Selling Value

Value, Defined

Consumers are constantly on the lookout for value with their purchases. Meanwhile, business owners strive to provide great value with the products and services they sell. The word value is not one to take lightly as the perception of value that you deliver can determine your overall business success. Therefore, it’s in the best interest of business owners and professionals to truly understand the meaning and relevance of value. So just what is value? How do you create it? Sustain it? And, add it to products and services in support of business success?

The word “value,” (noun), dates back to the 14th century. Its literal definition is:

  • a fair return or equivalent in goods, services, or money for something exchanged
  • the monetary worth of something, or market price
  • relative worth, utility, or importance <a good value at the price>
  • something (as a principle or quality) intrinsically valuable or desirable <sought material values instead of human values — W. H. Jones>

The definition of the word value has evolved over time to mean “worth and high quality” including “to be of worth” or “strong.” In marketing, value can be defined as: the mental estimation a consumer makes of a product. Value — perceived or real, personal or business — is the only thing that separates one product or alternative from another. ‘Value’ is our client’s perception of the impact a solution will have on their business issue. It’s always a combination of tangible and intangible components. It’s always subjective and unique to our client.”1 According to Peter Doyle, Raquel Sanchez-Fernandez and M. Angeles Iniesta-Bonillo, “…value may be conceptualized as the relationship between the consumer’s perceived benefits in relation to the perceived costs of receiving these benefits. Value is often expressed as the equation:

Value = Benefits / Cost

Doyle, Sanchez-Fernandez and Iniesta-Bonillo go on to suggest that “value in marketing can be defined by both qualitative and quantitative measures. On the qualitative side, value is the perceived gain composed of individual’s emotional, mental and physical condition plus various social, economic, cultural and environmental factors. On the quantitative side, value is the actual gain measured in terms of financial numbers, percentages, and dollars. For an individual to deliver value, one has to grow his / her knowledge and skill sets to showcase benefits delivered in a transaction (e.g., getting paid for a job). For an organization to deliver value, it has to improve its value: cost ratio. When an organization delivers high value at high price, the perceived value may be low. When it delivers high value at low price, the perceived value may be high. The key to deliver high perceived value is attaching value to each of the individuals or organizations—making them believe that what you are offering is beyond expectation—helping them to solve a problem, offering a solution, giving results, and making them happy.Value changes based on time, place and people in relation to changing environmental factors.”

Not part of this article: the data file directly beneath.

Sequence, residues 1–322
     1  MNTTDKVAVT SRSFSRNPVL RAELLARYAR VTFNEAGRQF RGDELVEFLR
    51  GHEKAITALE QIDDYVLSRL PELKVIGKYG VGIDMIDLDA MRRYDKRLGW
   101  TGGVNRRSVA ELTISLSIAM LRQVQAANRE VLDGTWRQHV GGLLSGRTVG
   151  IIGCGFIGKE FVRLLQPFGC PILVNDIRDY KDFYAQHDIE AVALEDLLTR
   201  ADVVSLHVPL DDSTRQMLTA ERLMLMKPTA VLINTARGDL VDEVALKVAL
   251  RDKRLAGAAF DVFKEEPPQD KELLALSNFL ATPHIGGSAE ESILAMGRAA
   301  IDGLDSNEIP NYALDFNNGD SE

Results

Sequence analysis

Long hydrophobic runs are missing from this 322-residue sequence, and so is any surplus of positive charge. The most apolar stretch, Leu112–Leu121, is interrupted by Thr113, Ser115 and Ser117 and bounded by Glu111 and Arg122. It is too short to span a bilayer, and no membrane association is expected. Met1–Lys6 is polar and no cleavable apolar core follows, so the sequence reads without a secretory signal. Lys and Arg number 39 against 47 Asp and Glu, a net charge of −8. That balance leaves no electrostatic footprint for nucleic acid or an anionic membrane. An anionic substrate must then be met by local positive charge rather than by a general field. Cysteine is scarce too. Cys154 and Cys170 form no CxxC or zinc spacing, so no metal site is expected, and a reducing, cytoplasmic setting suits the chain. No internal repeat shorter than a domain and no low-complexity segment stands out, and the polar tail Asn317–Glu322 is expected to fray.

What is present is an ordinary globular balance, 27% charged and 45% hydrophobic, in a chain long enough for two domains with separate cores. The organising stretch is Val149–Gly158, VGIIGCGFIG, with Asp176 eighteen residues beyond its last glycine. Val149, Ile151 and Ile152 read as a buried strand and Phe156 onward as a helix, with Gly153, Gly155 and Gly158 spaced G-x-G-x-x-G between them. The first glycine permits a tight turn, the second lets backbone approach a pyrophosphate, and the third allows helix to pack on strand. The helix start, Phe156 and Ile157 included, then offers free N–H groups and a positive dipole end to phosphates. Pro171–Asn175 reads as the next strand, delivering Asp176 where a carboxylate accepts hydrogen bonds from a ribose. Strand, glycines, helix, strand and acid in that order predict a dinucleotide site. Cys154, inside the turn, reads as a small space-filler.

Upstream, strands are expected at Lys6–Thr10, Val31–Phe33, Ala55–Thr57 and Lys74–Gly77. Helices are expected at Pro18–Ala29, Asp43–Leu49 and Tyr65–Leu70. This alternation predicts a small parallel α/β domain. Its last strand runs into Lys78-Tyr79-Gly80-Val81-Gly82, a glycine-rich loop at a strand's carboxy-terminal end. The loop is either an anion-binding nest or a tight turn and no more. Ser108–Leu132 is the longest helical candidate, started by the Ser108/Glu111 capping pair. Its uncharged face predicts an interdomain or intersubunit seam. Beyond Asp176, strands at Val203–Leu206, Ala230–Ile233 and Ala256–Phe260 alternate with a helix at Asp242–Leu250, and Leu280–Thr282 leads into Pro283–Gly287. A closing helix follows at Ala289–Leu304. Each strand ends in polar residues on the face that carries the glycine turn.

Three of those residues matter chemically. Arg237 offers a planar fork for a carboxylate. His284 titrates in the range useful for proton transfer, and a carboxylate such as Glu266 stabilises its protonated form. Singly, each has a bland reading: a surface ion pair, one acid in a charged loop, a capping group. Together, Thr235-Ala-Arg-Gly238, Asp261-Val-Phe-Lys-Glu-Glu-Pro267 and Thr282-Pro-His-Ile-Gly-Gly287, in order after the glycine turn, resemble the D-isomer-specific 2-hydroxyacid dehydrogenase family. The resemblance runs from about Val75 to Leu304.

All business constituents perceive value in your business. This includes, but is not limited to, customers, partners, investors/shareholders, employees, and suppliers. Value usually determines whether a business constituent/stakeholder will decide to and/or maintain doing business.

Selling Value

Do you sell value with every interaction? Here are a few tips to help sell value:

  1. Understand your business’ benefits and competitive advantages: Revisit the benefits and list them in order of priority. Where do you provide more value in these benefits as it relates to cost compared to your competitors? Also, is your value defendable?
  2. Know your customer’s needs and definition of value: What’s valuable to one segment may be different from another. Understand what is perceived as high-value among your target customers. Align their needs with the value you are offering.
  3. Know your competition’s value proposition: Be sure to know exactly what their costs are, the services and products they are providing for that and how “they” sell value.
  4. Start with value, end with costs: Every sales conversation that starts with price, usually stays focused on price. Control the situation so you can sell value first and then end with price. Every infomercial ends with an amazing price as well as a “Wait, there’s more…” AFTER they’ve sold you on the value of the product
  5. Make value a part of your corporate culture: Weave your value into all functions of your business. Make it a part of your brand. Tattoo it on documents and tell the world.

The more conscious you are of the value you’re selling your customers compared to the alternatives the better chances they will perceive yours as being worth more.

3. Peter Doyle: Value-Based Marketing: Marketing Strategies for Corporate Growth and Shareholder Value. Wiley, 2000.
4. Raquel Sánchez-Fernández and M. Ángeles Iniesta-Bonillo, “The concept of perceived value: a systematic review of the research,” Marketing Theory 7 (2007), 427-451

About the Author

Angelo Biasi is General Manager of SMART Marketing Solutions, LLC, a leading full-service integrated marketing company in Naples, FL since 2001. He has helped create and execute marketing plans and integrated marketing solutions for companies such as Playtex, Bic, Rogaine, Tauck, and over 35 colleges and universities, to name a few. Angelo has an MBA in Marketing from the University of Connecticut and has taught Marketing at New York University for over five years. For more information or to learn more, email him at abiasiatsmartmarketingllcdotcom  (abiasiatsmartmarketingllcdotcom)  , visit or call 239.963.9396.

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